In many sports, a no-pain-no-gain culture remains pervasive. Whether it is necessary or helpful to program athletes to “go hard or go home” in any sport is debatable, but one thing is certain: It doesn’t work in endurance sports!
That is the lesson Mike McPharlin learned when, after a lifetime of playing soccer, he transitioned to triathlon in his mid-30s. Knowing only one way to train—all-out—the Chicago-based teacher and father of two suffered one injury after another and went in search of a way to break the cycle. “I started to think about how I was training,” he says. “Ever since I was in high school I had always trained with the idea that the harder I pushed myself, the better shape I would get in. This was instilled in me from soccer coaches I had. I really loved the structure of training plans but was terrible at pacing myself with different intensities. I figured this was the root of my injuries so I started looking for other ways of approaching this.”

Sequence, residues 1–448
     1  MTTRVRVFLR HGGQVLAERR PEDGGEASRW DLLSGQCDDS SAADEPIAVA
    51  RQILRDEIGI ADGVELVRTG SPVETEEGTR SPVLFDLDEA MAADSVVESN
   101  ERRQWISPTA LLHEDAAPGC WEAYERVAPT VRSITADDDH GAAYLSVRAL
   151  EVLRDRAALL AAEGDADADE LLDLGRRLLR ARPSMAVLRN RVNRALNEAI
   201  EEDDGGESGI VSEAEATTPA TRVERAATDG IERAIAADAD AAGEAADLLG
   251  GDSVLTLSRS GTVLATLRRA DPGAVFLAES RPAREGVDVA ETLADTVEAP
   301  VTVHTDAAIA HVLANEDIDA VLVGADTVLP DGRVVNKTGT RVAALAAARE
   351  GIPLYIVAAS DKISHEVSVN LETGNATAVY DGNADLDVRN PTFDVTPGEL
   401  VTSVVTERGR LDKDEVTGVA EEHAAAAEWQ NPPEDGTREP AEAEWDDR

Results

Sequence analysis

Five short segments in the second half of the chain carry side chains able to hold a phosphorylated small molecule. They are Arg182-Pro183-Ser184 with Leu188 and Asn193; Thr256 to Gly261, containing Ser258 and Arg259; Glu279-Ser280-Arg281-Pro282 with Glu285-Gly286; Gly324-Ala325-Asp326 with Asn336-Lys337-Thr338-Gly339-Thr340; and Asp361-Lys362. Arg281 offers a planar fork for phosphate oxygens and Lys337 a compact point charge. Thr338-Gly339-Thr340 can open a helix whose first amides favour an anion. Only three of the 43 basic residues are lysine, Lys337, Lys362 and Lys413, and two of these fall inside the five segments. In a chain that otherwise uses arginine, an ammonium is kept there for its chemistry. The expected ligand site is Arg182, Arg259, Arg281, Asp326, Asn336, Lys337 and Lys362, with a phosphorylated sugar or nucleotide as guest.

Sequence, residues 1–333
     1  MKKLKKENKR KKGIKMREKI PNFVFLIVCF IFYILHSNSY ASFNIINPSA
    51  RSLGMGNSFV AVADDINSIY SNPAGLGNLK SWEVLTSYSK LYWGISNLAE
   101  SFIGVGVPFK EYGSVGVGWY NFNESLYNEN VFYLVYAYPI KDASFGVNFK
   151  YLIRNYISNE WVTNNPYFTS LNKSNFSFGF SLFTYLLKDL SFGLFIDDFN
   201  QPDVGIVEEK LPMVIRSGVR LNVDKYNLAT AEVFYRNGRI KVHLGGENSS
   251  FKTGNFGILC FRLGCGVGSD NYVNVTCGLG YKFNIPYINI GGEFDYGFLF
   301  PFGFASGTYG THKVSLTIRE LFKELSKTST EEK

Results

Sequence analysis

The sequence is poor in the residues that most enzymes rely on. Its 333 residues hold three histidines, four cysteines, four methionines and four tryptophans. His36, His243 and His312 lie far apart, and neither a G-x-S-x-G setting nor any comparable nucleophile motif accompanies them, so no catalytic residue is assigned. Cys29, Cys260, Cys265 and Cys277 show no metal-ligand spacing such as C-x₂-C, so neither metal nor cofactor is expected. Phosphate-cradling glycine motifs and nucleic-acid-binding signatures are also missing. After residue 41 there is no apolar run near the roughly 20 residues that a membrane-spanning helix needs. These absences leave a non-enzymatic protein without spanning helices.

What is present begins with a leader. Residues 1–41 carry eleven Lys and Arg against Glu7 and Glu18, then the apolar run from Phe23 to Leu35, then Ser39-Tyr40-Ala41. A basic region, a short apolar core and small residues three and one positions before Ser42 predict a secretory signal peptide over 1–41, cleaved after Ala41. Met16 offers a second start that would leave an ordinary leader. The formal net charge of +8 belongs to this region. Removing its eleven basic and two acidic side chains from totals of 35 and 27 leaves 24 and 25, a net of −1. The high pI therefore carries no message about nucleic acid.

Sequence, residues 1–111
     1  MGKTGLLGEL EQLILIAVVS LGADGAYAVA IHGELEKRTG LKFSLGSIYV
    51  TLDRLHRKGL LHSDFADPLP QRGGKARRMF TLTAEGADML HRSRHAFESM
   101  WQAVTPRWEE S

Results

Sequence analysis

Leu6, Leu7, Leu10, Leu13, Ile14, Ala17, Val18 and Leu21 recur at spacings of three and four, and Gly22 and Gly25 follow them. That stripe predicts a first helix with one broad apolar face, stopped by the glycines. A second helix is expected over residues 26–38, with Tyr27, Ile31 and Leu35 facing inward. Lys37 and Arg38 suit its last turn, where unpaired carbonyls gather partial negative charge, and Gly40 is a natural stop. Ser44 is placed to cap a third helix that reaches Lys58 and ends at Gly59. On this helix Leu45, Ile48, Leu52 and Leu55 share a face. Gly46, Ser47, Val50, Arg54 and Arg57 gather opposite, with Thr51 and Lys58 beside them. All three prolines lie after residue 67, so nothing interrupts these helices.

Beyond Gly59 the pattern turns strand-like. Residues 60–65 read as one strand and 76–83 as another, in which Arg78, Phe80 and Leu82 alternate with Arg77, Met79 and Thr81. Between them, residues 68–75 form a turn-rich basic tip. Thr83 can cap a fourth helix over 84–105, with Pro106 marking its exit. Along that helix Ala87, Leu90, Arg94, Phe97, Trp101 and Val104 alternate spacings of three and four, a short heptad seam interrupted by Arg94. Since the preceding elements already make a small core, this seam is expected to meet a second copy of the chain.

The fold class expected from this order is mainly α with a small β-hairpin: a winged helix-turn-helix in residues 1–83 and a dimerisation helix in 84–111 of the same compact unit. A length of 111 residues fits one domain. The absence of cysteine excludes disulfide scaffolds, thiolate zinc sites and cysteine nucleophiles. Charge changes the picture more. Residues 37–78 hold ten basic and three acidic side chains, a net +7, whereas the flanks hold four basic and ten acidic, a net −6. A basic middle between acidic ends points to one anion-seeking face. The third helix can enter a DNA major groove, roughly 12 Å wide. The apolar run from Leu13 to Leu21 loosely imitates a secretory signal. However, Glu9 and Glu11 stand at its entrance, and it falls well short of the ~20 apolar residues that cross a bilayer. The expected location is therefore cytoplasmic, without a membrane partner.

In 2017, Mike discovered the 80/20 method, bought in, and saw immediate benefits. “The injuries all but disappeared,” he recalls. Where health leads, performance follows, and in 2018 Mike found himself performing at a whole new level in XTERRA events, trail runs, and gravel and cyclocross races. He believes that what worked for him can work for any athlete caught in the no-pain-no-gain mindset that once held him back.
“The best advice I can give is to be patient,” he says. “It may feel at first that you are going painfully slow, and you probably are, but your body is adapting. Give it time and the changes will be noticeable.”